A differing approach is considered by Keynesian economics, where one of the central ideas is that fiscal policy can be used in order to actively influence aggregate demand. Both of these views have been considered by economists who have attempted to prove several key aspects of these hypotheses. Motley (1987) claims that it is especially difficult to quantify certain aspects of the Ricardian hypothesis, thus making it difficult to make a conclusive recommendation, although his conclusion is that there are some empirical elements that suggest that an increase in the government debt does not stimulate private consumption, thus meaning that households recognize that debt interest payments must be financed out of future taxes. Taylor et al., (2012) especially emphasize the return of Keynesian style of thinking in the aftermath of the 2008-9 Crisis and ultimately concluding that there is a positive effect on growth from a higher primary deficit. A number of empiric papers have further expanded such a view, especially combating the Reinhart-Rogoff (2010a, b) hypothesis. This is especially reflected in the work of Panizza and Presbitero (2014:38), where they focus on the fact that there is no empiric evidence that the public debt constrains growth in developed economies. However, high levels of debt may cause contractionary policies which in accordance with their research are ill-advised in times of a recession.
Fincke and Greiner (2015) point out the neoclassical point of view that there is a possibility of high levels of public debt crowding out investments, especially in emerging markets. This view is especially interesting when contrasting it to that of Panizza and Presbitero (2014), as it displays the full scope of disagreement amongst authors on the actual impact of the public debt – economic growth nexus. One of the aims of this paper will be to theoretically asses, through qualitative analysis of the relevant documents, the state of the American legislature regarding macroeconomic imbalances. On the other hand, as is further explained in the data and methodology section, this paper empirically focuses, by using several relevant methods of time series analysis, on determining whether the Reinhart-Rogoff (2013) bivariate causality hypothesis has any merit. The key contribution of this paper is not only advancing the understanding of the widely discussed causality issue (Reinhart and Rogoff, 2010a, b; Lainà, 2011; Cherif and Hasanov, 2012; Panizza and Presbitero, 2014), but also advancing the understanding of the legal framework in context of the policy debate of containing macroeconomic imbalances. Such an interdisciplinary approach will allow us to consider both the econometric issue of causality, while also addressing the possible strengths and weaknesses of the US legal framework, with providing objective policy recommendations.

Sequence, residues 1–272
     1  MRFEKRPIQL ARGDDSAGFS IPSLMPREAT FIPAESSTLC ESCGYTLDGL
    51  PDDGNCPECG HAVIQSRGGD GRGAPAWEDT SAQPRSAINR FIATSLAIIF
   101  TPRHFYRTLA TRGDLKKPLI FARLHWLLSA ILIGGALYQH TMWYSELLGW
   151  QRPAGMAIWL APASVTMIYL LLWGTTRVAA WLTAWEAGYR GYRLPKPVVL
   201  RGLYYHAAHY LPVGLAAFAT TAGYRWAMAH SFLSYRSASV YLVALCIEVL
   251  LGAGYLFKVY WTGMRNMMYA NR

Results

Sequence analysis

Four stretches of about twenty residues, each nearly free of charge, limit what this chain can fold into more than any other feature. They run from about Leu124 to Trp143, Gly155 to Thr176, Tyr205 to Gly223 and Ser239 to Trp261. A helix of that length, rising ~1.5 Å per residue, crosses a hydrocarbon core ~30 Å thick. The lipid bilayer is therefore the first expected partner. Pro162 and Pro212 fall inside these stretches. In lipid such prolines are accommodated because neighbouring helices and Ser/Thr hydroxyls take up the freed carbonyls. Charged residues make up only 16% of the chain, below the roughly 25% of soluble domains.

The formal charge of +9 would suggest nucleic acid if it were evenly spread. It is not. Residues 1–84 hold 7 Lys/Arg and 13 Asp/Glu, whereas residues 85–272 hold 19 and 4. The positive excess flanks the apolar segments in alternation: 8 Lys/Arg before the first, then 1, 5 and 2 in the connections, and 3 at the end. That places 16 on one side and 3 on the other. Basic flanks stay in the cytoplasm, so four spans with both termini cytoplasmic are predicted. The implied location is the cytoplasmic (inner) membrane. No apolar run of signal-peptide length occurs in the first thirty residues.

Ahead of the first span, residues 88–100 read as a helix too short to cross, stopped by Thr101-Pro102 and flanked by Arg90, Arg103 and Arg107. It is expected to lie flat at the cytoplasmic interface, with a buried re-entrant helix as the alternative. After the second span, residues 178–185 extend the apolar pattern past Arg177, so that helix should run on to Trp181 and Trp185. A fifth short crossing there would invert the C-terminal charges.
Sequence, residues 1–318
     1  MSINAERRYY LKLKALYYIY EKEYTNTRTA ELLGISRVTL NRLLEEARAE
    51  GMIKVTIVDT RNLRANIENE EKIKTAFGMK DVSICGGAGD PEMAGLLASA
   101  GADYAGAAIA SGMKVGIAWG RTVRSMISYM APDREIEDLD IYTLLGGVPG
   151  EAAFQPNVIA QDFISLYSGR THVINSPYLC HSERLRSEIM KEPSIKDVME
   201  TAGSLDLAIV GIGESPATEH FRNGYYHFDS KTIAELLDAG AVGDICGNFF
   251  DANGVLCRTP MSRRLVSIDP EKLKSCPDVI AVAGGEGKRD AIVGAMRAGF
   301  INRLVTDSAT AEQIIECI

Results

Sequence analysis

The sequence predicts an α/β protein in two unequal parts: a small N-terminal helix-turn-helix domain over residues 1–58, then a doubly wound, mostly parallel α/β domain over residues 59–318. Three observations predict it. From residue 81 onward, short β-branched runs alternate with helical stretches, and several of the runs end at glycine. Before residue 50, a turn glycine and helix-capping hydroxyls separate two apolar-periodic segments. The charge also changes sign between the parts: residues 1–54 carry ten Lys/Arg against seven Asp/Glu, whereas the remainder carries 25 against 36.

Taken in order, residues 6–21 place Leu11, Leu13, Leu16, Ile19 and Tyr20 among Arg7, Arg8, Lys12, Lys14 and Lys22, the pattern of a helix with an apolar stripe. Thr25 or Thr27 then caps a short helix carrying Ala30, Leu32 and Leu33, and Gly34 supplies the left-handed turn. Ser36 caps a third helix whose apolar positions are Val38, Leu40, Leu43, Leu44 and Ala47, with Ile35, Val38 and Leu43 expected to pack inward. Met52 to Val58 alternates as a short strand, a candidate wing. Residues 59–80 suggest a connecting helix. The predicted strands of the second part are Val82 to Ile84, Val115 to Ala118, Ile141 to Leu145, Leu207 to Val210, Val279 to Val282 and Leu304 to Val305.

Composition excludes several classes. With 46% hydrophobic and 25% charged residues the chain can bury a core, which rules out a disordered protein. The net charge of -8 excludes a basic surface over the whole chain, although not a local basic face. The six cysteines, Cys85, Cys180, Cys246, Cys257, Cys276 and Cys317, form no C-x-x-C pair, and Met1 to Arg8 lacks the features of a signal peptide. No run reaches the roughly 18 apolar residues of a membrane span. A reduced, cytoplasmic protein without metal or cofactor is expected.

3. Selected empirical studies of the influence of the us public debt on gdp
Dar and Amirkhalkhali (2014) conducted a study on a sample of 23 OECD economies in the period of 1996-2007 and in most cases failed to find any evidence of statistically significant negative impact of public debt on economic growth. Ahlborn and Schweickert (2016) conduct an empirical analysis of three country clusters with different economic systems; these clusters are Liberal (Anglo-Saxon), Continental (Core EU) and Nordic (Scandinavian). The authors conclude that there is a statistically significant difference between the country clusters and that in less developed countries the effect of public debt on GDP is negative, while in more developed states it is neutral or positive (Ahlborn and Schweickert, 2016).
Chudik et al., (2015) specified a heterogeneous dynamic panel-threshold model and provide a formal statistical analysis of debt-threshold effects on output growth, in a relatively large panel of 40 countries, divided into advanced and developing economies, over the period 1965-2010. We study whether there is a common threshold for government debt ratios above which long-term growth rates drop off significantly, especially if the country is on an upward debt trajectory. The authors did not find a universally applicable threshold effect in the relationship between debt and growth, for the full sample, when accounted for error cross-sectional dependencies.
Eberhardt and Presbitero (2015) analysed the empirics of the debt–growth nexus within a standard neoclassical growth model. Using the total public debt data from 118 developing, emerging and advanced economies over the period 1960 to 2012 the authors have found that long- run debt coefficients differ across countries and provide some evidence that countries with higher average debt-to-GDP ratios are more likely to see a negative effect on their long-run growth performance. This result is consistent with higher debt ratios being associated, on average, with lower GDP growth rates (Reinhart and Rogoff, 2010a, b).